The Players: Karina LeBlanc

Karina LeBlanc remembers herself as the quiet one when she first joined Canada’s national team in the late 1990s. It is funny how that sounds today, because chatty, inspirational, spiritual, funny: that’s the “KK” we know today.

Karina LeBlanc remembers herself as the quiet one when she first joined Canada’s national team in the late 1990s. It is funny how that sounds today, because chatty, inspirational, spiritual, funny: that’s the “KK” we know today.

Quiet, Karina, really?

Well, when LeBlanc was still a teenager, she was joining the ranks with pioneers and veterans like Gerri Donnelly, Charmaine Hooper, Silvana Burtini, Andrea Neil, Janine Helland, Suzanne Muir and Nicci Wright. She was on the team, yet far less experienced than the older stars that would win the 1998 CONCACAF Women’s Championship and qualify for the FIFA Women’s World Cup for a second time.

“I was the new kid on the block, so I was the quiet one,” said LeBlanc, who remembers fondly her past teammates like team stars Hooper and Neil, first roommate Helland, and goalkeeper mentor Wright. “There were some younger players at the time, too, however, like Amy Walsh and Sharolta Nonen, players that helped me feel not so young.”

In 1999, LeBlanc was part of her first FIFA Women’s World Cup team at USA 1999. Twelve years on, she hopes to take part in her fourth FIFA Women’s World Cup at Germany 2011. Only Neil, her one-time teammate and now assistant coach since 2009, has participated in four FIFA Women’s World Cups for Canada.

It didn’t take long for LeBlanc to become her lively self and a stalwart in the national program. She had her breakout year in 2002, which turned out to be Wright’s last season. She tied Wright’s single-season record for clean sheets in 2002 (five) and then broke Wright’s all-time record in 2003.

Today, LeBlanc is part of one of the world’s best international goaltending trios heading to the FIFA Women’s World Cup. Her and Erin McLeod have been “1a” and “1b” since the mid 2000s, while the addition of Stephanie Labbé has arguably given Canada a “1c” in goal, too.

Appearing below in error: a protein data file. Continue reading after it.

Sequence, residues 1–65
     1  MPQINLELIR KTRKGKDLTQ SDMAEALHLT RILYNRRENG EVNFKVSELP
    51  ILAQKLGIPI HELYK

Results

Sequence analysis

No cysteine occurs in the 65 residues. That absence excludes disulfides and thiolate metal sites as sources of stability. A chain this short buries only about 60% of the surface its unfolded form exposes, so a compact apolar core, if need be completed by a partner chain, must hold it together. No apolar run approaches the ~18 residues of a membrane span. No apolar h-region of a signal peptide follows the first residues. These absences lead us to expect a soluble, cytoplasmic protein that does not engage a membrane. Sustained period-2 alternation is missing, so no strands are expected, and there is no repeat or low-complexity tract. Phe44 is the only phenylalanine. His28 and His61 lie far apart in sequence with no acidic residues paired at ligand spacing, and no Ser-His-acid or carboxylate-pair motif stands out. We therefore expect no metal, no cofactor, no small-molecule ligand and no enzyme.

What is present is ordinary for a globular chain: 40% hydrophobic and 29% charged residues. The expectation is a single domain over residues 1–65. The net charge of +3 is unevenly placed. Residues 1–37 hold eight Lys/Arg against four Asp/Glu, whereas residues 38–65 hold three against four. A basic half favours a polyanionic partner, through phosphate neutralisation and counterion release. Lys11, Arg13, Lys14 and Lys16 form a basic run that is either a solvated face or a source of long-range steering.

“I think our relationship is great,” said LeBlanc. “It is different, definitely a relationship that is rare. It has just been that way from the start. In the end, it has made us all better goalkeepers.”

LeBlanc is Canada’s all-time leader in several goalkeeper categories, most notably matches played (86) and clean sheets (37). She is Canada’s only two-time CONCACAF champion (1998, 2010) and also a one-time Olympian (2008).

At the professional level, she most recently played for the Philadelphia Independence (2010) and Los Angeles Sol (2009) of Women’s Professional Soccer. She won a regular-season title in 2009 and reached the playoff final in both in 2009 and 2010. She previously played for the Boston Breakers in the old WUSA in the early 2000s, but also played for the New Jersey Wildcats of the W-League where she won Goalkeeper of the Year honours in 2005.

From watching 90,000 fans cram the Rose Bowl for the 1999 FIFA Women’s World Cup (Canada was eliminated in group play) to experiencing 75,000 expected fans at the Olympiastadion Berlin for the 2011 FIFA Women’s World Cup opener against Germany, it will have been quite the ride for LeBlanc the goalkeeper should she make the squad come June.

“You want to live each moment like it is brand new because every FIFA Women’s World Cup is different,” said LeBlanc. “It is going to be a completely different environment in Germany.”

Every few days in the lead up to the FIFA Women’s World Cup Germany 2011™, will highlight a prospective player that will take part in this summer’s big tournament. The series will run in the two-month lead up to Canada’s opening match on 26 June against host Germany. Canada, whose title sponsor is Winners and presenting sponsor is Teck, will take part in its fifth FIFA Women’s World Cup™ from 26 June to 17 July. Canada has also already qualified for a sixth time as host of the next FIFA Women’s World Cup™ in 2015.

Where’s Karina


With Canada’s national team taking a break from camp until 1 May, players have taken the time to visit friends and family from home and abroad. LeBlanc visited France where she met up with former Los Angeles Sol teammate Camille Abily. LeBlanc was in Paris and then Lyon, but will be off to Venezia (Venice) and Firenze (Florence) next before returning to Roma for 1 May.

Guidelines for the Return to Soccer

Canada Soccer outlines return to soccer guidelines. The return to soccer guidelines provide member organizations with a five-step process, including a checklist of weighted questions known as the Return to Soccer Assessment Tool.